The Editorial Board of The Wall Street Journal argued that “the U.S. doesn't need a bank regulator who wants to end banking as we know it, or who wants to create a central bank digital currency.” Omarova had also faced opposition from some Democratic Senators, including Jon Tester, Joe Manchin and Kyrsten Sinema. On December 7, 2021, it was announced that Omarova's nomination had been withdrawn.
National Investment Authority
Omarova is noted for her support for a "National Investment Authority" (NIA), a proposal she has likened to New Deal-era programs. The proposal was first developed in 2015 in conjunction with Robert C. Hockett, a fellow professor of law at Cornell Law School. Omarova has stated that the NIA would be responsible for "devising, financing, and executing a long-term national strategy of economic development and reconstruction." In 2020, Omarova wrote a report for think tank Data for Progress, where she stated the "Green New Deal (GND) movement has successfully propelled [a] programmatic vision of an environmentally clean, just, and equitable future."
The proposed NIA would be made up of two components: a "National Infrastructure Bank" (NIB), as well as a National Management Corporation (which she nicknames "Nicki Mac"), which would serve to invest in green technologies. A 2020 article published in The New York Times reported that the proposed NIA would function in a manner similar to the Federal Reserve, and compared the NIA framework to the Reconstruction Finance Corporation created in 1932.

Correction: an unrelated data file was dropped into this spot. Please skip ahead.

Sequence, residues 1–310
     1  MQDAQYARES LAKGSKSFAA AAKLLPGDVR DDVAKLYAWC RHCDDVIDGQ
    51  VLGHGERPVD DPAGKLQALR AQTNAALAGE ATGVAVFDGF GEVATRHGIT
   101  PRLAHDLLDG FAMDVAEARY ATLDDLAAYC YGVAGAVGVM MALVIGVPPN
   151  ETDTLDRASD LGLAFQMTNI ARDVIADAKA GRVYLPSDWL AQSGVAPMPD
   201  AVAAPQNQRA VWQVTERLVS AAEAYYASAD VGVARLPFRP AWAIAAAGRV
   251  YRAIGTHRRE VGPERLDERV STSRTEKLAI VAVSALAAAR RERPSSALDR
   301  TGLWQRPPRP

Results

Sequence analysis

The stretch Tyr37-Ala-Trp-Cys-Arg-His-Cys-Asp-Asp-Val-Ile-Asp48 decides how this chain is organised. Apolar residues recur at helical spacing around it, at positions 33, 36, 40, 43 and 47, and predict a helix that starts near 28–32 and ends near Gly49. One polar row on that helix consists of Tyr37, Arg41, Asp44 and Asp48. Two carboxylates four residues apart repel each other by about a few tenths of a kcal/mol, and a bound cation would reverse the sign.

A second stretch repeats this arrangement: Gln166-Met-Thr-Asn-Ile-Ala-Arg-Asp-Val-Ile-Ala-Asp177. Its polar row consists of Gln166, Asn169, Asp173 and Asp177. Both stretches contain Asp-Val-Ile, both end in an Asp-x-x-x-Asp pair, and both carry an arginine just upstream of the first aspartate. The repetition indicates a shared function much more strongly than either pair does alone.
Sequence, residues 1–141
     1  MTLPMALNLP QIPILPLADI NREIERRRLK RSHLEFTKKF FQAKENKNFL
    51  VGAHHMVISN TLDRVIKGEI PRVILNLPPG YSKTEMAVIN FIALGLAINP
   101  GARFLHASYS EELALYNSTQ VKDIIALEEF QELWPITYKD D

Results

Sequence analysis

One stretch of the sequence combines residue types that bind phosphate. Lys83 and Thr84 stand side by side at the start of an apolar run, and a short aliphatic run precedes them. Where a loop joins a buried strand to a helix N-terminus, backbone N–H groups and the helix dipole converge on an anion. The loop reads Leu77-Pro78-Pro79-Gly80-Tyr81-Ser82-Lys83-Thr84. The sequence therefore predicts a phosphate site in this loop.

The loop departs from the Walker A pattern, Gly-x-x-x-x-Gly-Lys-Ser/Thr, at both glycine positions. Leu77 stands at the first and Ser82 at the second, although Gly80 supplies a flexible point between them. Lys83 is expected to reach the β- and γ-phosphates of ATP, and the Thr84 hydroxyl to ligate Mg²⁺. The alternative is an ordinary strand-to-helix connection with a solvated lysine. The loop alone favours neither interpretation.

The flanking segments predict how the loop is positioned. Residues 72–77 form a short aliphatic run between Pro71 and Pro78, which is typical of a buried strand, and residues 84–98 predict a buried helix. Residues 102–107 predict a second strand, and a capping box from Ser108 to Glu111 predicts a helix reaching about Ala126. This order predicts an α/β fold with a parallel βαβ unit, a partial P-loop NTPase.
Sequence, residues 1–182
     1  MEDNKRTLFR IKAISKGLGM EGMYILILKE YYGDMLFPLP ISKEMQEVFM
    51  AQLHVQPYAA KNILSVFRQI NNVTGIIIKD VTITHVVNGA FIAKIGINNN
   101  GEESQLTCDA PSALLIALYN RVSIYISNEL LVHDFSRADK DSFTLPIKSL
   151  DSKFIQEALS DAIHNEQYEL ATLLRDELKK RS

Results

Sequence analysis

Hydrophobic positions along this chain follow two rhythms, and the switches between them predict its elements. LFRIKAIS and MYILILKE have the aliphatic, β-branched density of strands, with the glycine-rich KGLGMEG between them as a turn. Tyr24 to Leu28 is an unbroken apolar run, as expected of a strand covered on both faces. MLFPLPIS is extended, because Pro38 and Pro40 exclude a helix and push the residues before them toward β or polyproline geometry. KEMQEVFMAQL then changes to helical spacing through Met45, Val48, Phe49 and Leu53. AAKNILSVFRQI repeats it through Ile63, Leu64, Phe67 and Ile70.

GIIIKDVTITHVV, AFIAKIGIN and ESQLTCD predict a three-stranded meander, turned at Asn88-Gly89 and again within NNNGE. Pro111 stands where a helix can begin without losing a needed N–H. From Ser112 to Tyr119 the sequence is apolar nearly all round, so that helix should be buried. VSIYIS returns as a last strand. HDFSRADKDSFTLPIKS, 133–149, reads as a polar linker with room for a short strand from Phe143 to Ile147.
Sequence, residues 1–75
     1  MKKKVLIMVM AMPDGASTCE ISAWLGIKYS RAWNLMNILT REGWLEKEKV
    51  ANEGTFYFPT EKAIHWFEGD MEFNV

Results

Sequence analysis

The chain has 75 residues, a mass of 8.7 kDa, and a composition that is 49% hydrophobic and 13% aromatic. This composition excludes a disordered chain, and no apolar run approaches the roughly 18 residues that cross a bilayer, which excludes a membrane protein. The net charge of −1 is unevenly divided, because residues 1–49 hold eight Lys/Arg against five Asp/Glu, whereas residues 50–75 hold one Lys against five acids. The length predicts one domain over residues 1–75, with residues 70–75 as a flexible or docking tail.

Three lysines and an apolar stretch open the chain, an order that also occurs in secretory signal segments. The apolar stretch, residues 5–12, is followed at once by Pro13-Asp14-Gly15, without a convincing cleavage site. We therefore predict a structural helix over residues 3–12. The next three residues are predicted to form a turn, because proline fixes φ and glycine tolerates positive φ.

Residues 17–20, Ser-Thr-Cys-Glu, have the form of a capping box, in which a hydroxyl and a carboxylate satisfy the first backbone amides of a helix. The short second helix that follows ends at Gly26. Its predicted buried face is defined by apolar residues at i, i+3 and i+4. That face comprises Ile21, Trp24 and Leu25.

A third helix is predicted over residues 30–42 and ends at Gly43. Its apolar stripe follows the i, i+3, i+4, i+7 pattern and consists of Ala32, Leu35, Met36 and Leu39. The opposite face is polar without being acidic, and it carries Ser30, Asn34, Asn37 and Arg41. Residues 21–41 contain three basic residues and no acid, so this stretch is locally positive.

Federal Reserve reform
In a 2021 paper "The People's Ledger: How to Democratize Money and Finance the Economy", she proposed "a comprehensive reform of the structure and systemic function of the Fed's balance sheet as the basis for redesigning the core architecture of modern finance. In essence, it offers a blueprint for democratizing both access to money and control over financial flows in the nation's economy." She called for the Federal Reserve to offer consumer bank accounts and become "the ultimate public platform for generating, modulating, and allocating financial resources in a modern economy" in a move she has called a radical reform.
According to a report by The New York Times, Omarova favors stricter regulations on cryptocurrencies and financial technology (fintech) companies. In response to reports that Facebook may launch its own cryptocurrency, Omarova argued it was an example of "Big Tech companies [resorting] to ever more creative ways to expand a monopolistic and extractive business model under the guise of corporate activism." In a paper by Omarova published in the Yale Journal on Regulation, "New Tech v. New Deal: Fintech as a Systemic Phenomenon" (2019), she argued that some financial technology applications have served as "destabilizing mechanisms".
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- "Millions of Low-Income People Are Locked Out of The Financial System. More Big Tech Monopoly Power Is Not The Answer". The Lab by the Appeal. May 6, 2021. Retrieved September 5, 2021.
- Omarova, Saule T. (January 1, 2019). "New Tech v. New Deal: Fintech as a Systemic Phenomenon". Yale Journal on Regulation. 36 (2). ISSN 0741-9457.